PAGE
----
Dexter creator James Manos, Jr. will be making his first stab (ha) at feature film directing with Love, Scotch and Death, from a screenplay he wrote about a character based on himself. And to play his cinematic stand-in, he’s picked a familiar face: everyone’s favorite serial killer, Dexter Morgan himself. Or rather, Michael C. Hall, the actor who plays Dexter Morgan on the Showtime series. Hall will be joined by Vera Farmiga, who’s also signed on to the project. Read more after the jump.
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Check out this infographic for Moon director Duncan Jones‘ upcoming sci-fi action thriller Source Code, starring Jake Gyllenhaal, Michelle Monaghan and Vera Farmiga. The film tells the story of a soldier who “wakes up in the body of an unknown man and discovers he’s part of a mission to find the bomber of a Chicago commuter train.” In Groundhog Day-like repetition, he hopes to find the bomber and try to change history (if that is even possible?). The infographic illustrates his mission. Check it out after the jump.
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You won’t be seeing too many of the films that premiered at Sundance 2011 get a major release this year, but that’s not entirely bad news. Though most of the sales were on the small side, a solid 39 films walked away with a distribution deal of some kind. This means that — whether it be through VOD or a limited theatrical release — there’s a good chance that any Sundance flicks you’ve been interested in checking out upon reading our coverage will be available for viewing in some capacity. This may not be the glowing indie revival I’ve been hoping for, but given the state of Hollywood at the moment, I’ll take it.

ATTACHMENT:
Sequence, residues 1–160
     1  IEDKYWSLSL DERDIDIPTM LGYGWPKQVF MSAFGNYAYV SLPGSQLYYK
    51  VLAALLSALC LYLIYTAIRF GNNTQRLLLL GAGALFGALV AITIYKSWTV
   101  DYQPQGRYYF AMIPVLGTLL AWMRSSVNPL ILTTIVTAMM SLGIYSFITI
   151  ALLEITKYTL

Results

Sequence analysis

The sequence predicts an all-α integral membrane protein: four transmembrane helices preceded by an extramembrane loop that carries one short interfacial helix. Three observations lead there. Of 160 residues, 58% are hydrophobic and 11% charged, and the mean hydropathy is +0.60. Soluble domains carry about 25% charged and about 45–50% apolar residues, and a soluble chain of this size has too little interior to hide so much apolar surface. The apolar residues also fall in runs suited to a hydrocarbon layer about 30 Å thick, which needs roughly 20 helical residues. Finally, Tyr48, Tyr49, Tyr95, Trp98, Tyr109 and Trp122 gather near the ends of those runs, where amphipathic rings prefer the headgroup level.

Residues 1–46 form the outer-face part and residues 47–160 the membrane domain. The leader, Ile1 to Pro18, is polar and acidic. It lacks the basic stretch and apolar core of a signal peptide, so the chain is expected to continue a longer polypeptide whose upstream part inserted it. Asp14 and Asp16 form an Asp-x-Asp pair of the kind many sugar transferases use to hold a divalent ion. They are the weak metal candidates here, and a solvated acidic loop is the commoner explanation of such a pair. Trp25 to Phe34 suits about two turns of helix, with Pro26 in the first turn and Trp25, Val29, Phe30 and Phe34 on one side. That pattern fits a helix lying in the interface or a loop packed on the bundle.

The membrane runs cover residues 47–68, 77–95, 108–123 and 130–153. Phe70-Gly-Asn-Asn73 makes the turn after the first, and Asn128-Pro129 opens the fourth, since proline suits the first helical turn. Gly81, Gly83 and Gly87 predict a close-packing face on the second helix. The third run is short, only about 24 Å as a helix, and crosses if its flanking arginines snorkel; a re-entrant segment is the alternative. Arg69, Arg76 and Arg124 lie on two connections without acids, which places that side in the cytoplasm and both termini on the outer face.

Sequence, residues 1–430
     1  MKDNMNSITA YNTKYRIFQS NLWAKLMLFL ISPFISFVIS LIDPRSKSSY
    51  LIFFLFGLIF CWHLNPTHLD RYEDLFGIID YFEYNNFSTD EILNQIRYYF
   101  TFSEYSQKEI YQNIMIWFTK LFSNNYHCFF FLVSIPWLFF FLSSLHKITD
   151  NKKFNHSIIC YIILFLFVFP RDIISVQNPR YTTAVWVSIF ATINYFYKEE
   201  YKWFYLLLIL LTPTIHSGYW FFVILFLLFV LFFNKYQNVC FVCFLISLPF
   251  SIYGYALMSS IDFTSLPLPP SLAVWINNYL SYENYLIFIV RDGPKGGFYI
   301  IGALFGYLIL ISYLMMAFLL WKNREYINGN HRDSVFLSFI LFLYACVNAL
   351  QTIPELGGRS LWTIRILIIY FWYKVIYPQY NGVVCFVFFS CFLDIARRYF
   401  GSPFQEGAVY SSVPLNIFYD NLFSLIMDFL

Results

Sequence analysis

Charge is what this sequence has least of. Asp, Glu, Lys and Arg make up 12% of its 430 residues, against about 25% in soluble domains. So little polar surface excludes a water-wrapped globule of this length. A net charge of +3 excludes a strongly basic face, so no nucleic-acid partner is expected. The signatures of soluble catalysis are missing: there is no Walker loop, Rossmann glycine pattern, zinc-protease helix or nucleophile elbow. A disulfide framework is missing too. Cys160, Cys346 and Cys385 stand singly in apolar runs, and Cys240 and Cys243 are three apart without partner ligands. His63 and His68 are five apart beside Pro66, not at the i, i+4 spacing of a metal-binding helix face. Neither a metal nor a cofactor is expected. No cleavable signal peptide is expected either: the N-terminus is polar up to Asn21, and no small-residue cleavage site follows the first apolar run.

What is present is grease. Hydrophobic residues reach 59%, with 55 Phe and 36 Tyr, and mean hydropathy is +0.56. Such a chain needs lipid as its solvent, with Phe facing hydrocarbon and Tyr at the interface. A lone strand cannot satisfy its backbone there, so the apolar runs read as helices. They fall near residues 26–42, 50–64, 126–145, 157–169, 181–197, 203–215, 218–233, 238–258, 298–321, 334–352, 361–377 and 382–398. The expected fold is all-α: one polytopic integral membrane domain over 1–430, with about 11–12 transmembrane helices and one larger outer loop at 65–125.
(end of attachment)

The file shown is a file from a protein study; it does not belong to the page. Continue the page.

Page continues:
As for the films that didn’t get picked up, there may be hope for them yet. Weeks have passed since the Sundance Film Festival ended, but the sales keep on coming. The three latest pictures to be acquired are Higher Ground (the directorial debut from Vera Farmiga, which she also stars), the documentary Magic Trip (co-written/co-directed by Alex Gibney, about the psychedelic ’60s cross-country bus tour taken by Ken Kesey and his Merry Pranksters) and another documentary entitled The Black Power Mixtape 1967-1975 (about the Black Power and Black Panther movements in the US). Learn more after the break. Read More »
After her exemplary performances in Down to the Bone, The Departed and Up in the Air, we all knew that Vera Farmiga was a talented actress. But with Higher Ground, she proves she’s an excellent director as well. Farmiga directed and stars in the story of one woman’s battle with faith from the 1950s through 1990s. Spanning several eras and featuring excellent supporting performances by John Hawkes, Joshua Leonard and others, Farmiga maintains great narrative propulsion by combining humor and debates about faith with a simple story and round characters. Read More »
In early November, Summit Entertainment invited us to the editing room of Source Code, the second feature from Moon director Duncan Jones. During the visit, Duncan showed us the first 7 minutes of the film, and answered a bunch of questions from myself, Collider and FirstShowing. After the jump you can read the entire interview, and watch a very short video blog I recorded with Frosty from Collider.
Keep in mind, a lot has happened since this visit. It’s a whole new year for one, a trailer was released which shows a lot of plot elements Jones would only hint at during our interview (and much of which we had not seen at the time), and composer Clint Mansell is no longer scoring the project (you will notice a couple questions and answers about Clint’s score in the interview).